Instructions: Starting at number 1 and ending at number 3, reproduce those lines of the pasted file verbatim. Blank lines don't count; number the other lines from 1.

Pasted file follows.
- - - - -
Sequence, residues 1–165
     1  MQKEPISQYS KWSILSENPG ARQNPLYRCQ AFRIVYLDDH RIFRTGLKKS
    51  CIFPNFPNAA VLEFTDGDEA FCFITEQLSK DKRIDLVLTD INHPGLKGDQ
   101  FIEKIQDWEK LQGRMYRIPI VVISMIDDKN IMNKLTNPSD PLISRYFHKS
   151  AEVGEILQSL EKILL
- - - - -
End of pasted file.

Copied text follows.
Sequence, residues 1–165
     1  MQKEPISQYS KWSILSENPG ARQNPLYRCQ AFRIVYLDDH RIFRTGLKKS
    51  CIFPNFPNAA VLEFTDGDEA FCFITEQLSK DKRIDLVLTD INHPGLKGDQ